Fresh blood for a golden future

FEATURE: A look at how the quality in the France side always remains the same, through the cycle of stalwarts retiring and top talents being added

France’s men’s teams have been a dominant force in the world of handball since their first EHF EURO trophy in 2006. Since then, they have taken four world titles, another two European championship trophies, and two Olympic gold medals. But the golden generation that enjoyed these successes is barely represented in the current EHF EURO 2018 squad. France are in a state of transition, but they are still incredibly successful.

The key is the intense youth programme with academies all over the country. Since 2014, the international Youth and Junior competitions have been imprinted by new generations of French players: In 2014 and 2016, ‘Les Bleus’ became U18 EHF EURO champions. In 2015 and 2017, the same squads became U19 world champions, and in 2015, France took their first ever U21 world title.

“The hierarchy in this team never breaks”

Some of these players, such as Melvyn Richardson and Kyllian Villeminot (both playing for EHF Champions League side Montpellier), who were named MVP at the 2015 and 2017 Youth World Championships, have a future in the men’s team ahead. There are some from those squads, who already knock on the door of the men’s team, such as Edouard Kempf and goalkeeper Julien Meyer; some that stand very close to the door like PSG left wing Dylan Nahi; and those already part of the team, such as Dika Mem.

“When a 19-year-old guy signs a contract with FC Barcelona and is number one in his position in the Champions League, then you can guess how important such a player like Dika is for our national team,” says Kentin Mahe. At the age of 26, Mahe is already one of the middle-aged stars for the world champions. Three years ago, at the World Championship in Qatar, Mahe had the role players such as Mem and Nedim Remili (22) have now.

“The hierarchy in this team never breaks. It is always the older guys, who lead the young guns. For me, the national team had always been an education – and it still is, though it is my role now to educate others,” says Mahe. “It is incredible that we have so many top talents. The next successful years shall be guaranteed for the French side, maybe even until the 2024 Olympic Games in Paris.”

“If you can all play above a certain line, the level is high”

Besides Mem, who was also part of France’s bronze-medal winning side at the 2017 U21 World Championship in Algeria, Remili is a perfect example of a successful approach to development. The son of former Creteil star Kamel Remili made it to Paris Saint-Germain in 2016 at the age of 20, right after he played his first Men’s EHF EURO. In 2017, he became world champion, was a finalist in the EHF Champions League and was selected as the All-Star Team right back for the World Championship – and later the EHF Champions League.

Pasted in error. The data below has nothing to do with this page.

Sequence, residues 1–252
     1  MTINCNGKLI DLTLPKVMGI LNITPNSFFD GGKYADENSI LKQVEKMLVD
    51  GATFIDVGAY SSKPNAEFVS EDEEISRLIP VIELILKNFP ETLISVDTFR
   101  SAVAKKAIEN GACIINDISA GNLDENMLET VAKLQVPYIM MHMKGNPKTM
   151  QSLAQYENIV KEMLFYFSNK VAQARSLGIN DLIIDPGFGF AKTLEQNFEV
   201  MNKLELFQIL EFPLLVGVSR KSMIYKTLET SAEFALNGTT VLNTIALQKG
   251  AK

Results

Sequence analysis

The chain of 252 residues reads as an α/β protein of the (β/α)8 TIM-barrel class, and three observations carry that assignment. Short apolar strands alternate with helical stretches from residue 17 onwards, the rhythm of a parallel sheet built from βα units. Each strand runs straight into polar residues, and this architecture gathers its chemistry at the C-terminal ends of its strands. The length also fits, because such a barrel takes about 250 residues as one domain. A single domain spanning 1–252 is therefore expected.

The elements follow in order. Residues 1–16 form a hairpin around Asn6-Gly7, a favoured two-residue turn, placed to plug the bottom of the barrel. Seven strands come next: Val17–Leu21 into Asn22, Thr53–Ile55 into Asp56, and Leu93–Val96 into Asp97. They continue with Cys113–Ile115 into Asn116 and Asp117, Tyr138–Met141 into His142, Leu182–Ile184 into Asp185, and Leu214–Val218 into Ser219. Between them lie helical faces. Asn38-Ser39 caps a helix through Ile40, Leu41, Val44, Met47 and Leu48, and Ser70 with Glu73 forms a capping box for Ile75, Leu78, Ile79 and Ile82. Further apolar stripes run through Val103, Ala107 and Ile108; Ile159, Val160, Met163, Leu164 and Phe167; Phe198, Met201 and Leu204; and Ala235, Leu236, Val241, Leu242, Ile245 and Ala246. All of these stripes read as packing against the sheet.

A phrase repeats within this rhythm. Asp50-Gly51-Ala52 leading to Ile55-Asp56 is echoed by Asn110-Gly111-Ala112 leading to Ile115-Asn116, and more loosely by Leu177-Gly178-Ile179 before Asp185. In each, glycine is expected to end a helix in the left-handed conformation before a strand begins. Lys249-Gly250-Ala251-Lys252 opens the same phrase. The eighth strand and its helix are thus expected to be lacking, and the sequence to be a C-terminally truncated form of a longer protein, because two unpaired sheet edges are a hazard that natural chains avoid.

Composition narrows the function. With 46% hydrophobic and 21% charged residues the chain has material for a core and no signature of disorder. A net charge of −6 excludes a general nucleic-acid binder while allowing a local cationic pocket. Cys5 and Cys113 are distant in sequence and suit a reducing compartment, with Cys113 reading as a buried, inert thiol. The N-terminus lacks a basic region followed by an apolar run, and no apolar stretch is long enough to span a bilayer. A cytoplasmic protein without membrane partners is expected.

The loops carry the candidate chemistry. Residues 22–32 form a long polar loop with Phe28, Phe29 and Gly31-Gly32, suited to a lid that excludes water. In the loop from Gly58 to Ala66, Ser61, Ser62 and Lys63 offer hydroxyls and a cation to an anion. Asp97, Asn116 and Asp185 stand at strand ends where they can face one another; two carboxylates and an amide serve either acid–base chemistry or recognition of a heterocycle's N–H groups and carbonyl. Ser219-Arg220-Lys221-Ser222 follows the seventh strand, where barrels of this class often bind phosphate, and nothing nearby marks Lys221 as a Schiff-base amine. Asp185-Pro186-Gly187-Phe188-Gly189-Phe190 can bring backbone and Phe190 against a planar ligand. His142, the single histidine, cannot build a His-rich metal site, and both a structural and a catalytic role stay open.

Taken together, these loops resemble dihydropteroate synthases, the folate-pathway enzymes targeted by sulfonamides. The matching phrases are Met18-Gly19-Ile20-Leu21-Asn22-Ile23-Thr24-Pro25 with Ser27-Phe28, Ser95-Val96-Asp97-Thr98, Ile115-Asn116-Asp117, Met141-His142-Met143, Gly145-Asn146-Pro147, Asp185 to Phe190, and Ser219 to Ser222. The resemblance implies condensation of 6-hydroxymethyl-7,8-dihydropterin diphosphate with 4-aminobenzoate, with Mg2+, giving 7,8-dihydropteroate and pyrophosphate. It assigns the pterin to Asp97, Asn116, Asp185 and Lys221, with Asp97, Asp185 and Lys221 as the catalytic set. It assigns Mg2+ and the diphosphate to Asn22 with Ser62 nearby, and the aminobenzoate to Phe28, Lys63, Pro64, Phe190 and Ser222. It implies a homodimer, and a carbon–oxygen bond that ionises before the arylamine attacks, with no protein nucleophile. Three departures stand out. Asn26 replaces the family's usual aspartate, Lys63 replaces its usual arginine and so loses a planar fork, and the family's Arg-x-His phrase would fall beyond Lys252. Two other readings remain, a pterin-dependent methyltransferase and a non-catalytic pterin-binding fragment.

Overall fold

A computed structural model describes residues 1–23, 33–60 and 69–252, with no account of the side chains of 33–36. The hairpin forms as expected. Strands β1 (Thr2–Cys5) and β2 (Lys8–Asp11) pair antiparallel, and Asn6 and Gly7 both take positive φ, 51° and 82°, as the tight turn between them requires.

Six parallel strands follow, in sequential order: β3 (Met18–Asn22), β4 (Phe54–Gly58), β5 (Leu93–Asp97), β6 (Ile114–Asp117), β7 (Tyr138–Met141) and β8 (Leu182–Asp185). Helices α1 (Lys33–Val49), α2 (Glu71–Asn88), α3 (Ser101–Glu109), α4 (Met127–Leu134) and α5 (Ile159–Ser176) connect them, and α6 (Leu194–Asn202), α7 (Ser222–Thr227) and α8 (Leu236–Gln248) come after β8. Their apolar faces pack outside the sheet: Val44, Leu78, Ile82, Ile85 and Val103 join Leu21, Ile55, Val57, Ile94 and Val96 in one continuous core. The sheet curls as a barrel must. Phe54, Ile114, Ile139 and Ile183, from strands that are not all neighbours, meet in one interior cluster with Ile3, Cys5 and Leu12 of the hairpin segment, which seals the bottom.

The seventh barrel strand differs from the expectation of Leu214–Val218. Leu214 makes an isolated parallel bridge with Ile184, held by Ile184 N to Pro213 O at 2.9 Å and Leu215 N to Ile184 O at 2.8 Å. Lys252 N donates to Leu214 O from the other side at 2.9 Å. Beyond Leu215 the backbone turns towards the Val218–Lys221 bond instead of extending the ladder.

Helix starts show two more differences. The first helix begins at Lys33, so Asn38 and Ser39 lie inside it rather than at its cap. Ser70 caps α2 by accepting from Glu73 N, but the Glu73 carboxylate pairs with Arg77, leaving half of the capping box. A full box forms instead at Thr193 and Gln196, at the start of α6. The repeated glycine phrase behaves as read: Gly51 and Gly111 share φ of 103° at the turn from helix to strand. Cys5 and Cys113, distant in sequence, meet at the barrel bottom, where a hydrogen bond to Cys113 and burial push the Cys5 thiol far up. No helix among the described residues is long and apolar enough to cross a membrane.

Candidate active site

“I am still young, though I have some experience now,” Remili says: “In the national team and in the club, I am still learning every day. And I hope that I always will be there, if my coaches call me.”

Like Remili, most of the French players are signed by Champions League participants – something that is a great asset for the national team, according to Remili: “Facing Europe’s elite every week is a boost of experience for all of us, mainly the young ones. At national team events, we can pay off.

“An EHF EURO tournament is long with many tough matches, so you need to have a deep squad to be successful. Therefore, all players are needed, young and old ones. And if you can all play above a certain line, the level is high.”

Thanks to these qualities, Remili believes France are among the favourites in Croatia, but does not think they are the favourites: “Denmark, Germany, Spain, Croatia and even Norway, though we have beaten them already, have the same chances as us,” the left-handed shooter says prior to Tuesday’s last preliminary round match against Belarus in Porec, where France aim to keep their clean record.

In the 33:26 victory against Austria on Sunday, the young and new players were given their chances – with praise from their head coach Didier Dinart: “It is never easy for youngsters to play those games with as much intensity as they did against Norway. But I loved their approach, all of them were very committed. They played seriously and gave us the opportunity to try new things, and that may be helpful for the rest of the competition.”

written by Björn Pazen / cg